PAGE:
Silent Light (German/Plautdietsch)

I feel bad for the poor souls who saw “Silent Light” without knowing anything about it first and came away hating it. They were probably expecting a movie that was, well, normal. You know, with a plot and stuff. A movie where things happen.

“Silent Light” is not that kind of movie. It is exceptionally slow and deliberate, with long, unbroken takes that often contain very little action at all. A man drives his truck away from his farmhouse and down a long dirt road to the highway — and we don’t cut away to another scene until the truck is a speck in the distance. Thirty seconds of watching a truck drive away, where a more conventional movie would have cut the shot after three or four seconds.

I explain all this up front because I think it’s crucial you understand what sort of evening you’re in for if you choose to watch “Silent Light.” If a very slow, 127-minute-long movie containing a plot that could be told in 10 minutes sounds unappealing to you, then by all means, skip it. No one will think less of you.

But if you can sometimes be caught up in the world of a well-crafted movie and enjoy the way it feels as opposed to the story it tells, then you may find it rewarding. Personally, I loved it. Some of the cinematography is breathtakingly beautiful, and there are moments of intense emotion that absolutely would not have worked in a “faster” movie. Certain things require more time and patience to be effective.

Written and director by Mexico’s Carlos Reygadas (“Battle in Heaven”), the film is set in a Mennonite community in northern Mexico, where a dialect of German known as Plautdietsch is spoken. (It is reportedly the first movie ever filmed in that language.) Johan (Cornelio Wall), his wife Esther (Miriam Toews), and their numerous young children live a simple life on a small dairy farm. Their world is full of silence and calm, but there is turmoil in Johan’s soul: He is cheating on Esther with a woman named Marianne (Maria Pankratz).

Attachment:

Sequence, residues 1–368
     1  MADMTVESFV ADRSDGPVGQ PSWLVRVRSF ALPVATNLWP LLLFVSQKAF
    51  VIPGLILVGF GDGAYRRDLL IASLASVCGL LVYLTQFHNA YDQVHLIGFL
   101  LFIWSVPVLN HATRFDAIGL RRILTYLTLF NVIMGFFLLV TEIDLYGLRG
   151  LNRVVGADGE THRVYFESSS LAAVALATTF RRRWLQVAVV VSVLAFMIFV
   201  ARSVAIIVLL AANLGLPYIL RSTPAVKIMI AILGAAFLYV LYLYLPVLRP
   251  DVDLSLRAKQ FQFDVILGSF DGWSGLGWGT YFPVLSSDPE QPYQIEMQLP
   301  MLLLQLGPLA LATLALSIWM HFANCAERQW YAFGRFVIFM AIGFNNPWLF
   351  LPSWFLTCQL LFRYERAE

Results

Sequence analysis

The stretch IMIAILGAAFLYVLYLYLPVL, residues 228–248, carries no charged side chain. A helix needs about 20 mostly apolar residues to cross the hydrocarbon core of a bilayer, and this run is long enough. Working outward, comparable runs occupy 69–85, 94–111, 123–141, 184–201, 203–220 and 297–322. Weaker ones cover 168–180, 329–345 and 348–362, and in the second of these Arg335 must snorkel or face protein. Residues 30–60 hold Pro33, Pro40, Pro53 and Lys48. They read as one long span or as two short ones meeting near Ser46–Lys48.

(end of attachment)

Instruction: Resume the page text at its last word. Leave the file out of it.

Johan has told Esther about the affair and has evidently tried to break it off, but the flesh is weak. He tells his friend Zacarias (Jacobo Klassen) that he loves both women. Certainly Marianne is no younger or prettier than Esther; Johan isn’t just having a midlife crisis here. His feelings are deep. Zacarias says maybe it’s his destiny to be caught in the middle like this, but Johan rejects that. “A brave man makes his destiny with what he’s got,” he says.

Johan’s father — likewise a taciturn, old-world fellow, and a Mennonite preacher — says it’s the devil’s work. His point of view is rather the opposite of Johan’s. Where the son believes he can make his own destiny, the father says, “It was all written beforehand.”

And that is the scenario. When the surprises come later in the story — truly unforeseeable, even baffling, events — they occur as methodically and plainly as everything else; nothing in the film is ever underlined or emphasized. The camera is frequently in motion, but always slowly, carefully, like an omniscient being. It is as unrushed as the characters.

And I think that gets at what Reygadas had in mind, and why he shot the film this way, with so much silence and apparent uneventfulness. The opening shot is an impossibly glorious sunrise, captured more or less in real time by cinematographer Alexis Zabe (who generally uses only natural lighting, too, as befits the Mennonites’ simple lifestyle). The shot is long and quiet, perfectly setting the tone for the film. We are meant to be drawn in to this peaceful little world, to feel what the characters feel, to view the world the way they do.

In that way, though the film is certainly slow, I don’t think it’s boring. “Boring,” to me, is when a filmmaker thinks he has made something interesting but in fact has not. In this case, Reygadas has clearly told the story a certain way on purpose — if it is “boring,” it is intentionally that way. Ideally, if the film is effective (as it was for me), we are happy to enjoy the silences, to meditate on the striking visual images, and to share in the thoughts of the characters. It’s not so much a movie as an experience.

B+ (2 hrs., 7 min.; in the German dialect of Plautdietsch with subtitles; Not Rated, probably PG-13 for a brief scene with some moderate sexuality.)